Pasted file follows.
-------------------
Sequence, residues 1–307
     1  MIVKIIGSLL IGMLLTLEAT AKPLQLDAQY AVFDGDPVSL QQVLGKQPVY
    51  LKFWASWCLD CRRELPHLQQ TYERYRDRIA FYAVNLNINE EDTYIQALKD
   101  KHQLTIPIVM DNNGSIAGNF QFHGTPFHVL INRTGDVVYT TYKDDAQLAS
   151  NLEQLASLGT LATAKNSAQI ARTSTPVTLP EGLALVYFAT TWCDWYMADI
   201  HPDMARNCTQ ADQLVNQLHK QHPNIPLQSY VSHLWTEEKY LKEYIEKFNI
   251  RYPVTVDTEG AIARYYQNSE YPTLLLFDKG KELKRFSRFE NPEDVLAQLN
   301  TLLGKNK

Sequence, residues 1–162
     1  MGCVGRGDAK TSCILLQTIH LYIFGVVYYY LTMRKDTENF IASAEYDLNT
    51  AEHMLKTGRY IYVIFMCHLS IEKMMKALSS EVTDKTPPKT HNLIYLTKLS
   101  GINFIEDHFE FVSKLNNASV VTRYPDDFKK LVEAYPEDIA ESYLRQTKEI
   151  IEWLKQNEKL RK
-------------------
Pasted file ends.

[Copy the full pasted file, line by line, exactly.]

Sequence, residues 1–307
     1  MIVKIIGSLL IGMLLTLEAT AKPLQLDAQY AVFDGDPVSL QQVLGKQPVY
    51  LKFWASWCLD CRRELPHLQQ TYERYRDRIA FYAVNLNINE EDTYIQALKD
   101  KHQLTIPIVM DNNGSIAGNF QFHGTPFHVL INRTGDVVYT TYKDDAQLAS
   151  NLEQLASLGT LATAKNSAQI ARTSTPVTLP EGLALVYFAT TWCDWYMADI
   201  HPDMARNCTQ ADQLVNQLHK QHPNIPLQSY VSHLWTEEKY LKEYIEKFNI
   251  RYPVTVDTEG AIARYYQNSE YPTLLLFDKG KELKRFSRFE NPEDVLAQLN
   301  TLLGKNK

Sequence, residues 1–162
     1  MGCVGRGDAK TSCILLQTIH LYIFGVVYYY LTMRKDTENF IASAEYDLNT
    51  AEHMLKTGRY IYVIFMCHLS IEKMMKALSS EVTDKTPPKT HNLIYLTKLS
   101  GINFIEDHFE FVSKLNNASV VTRYPDDFKK LVEAYPEDIA ESYLRQTKEI
   151  IEWLKQNEKL RK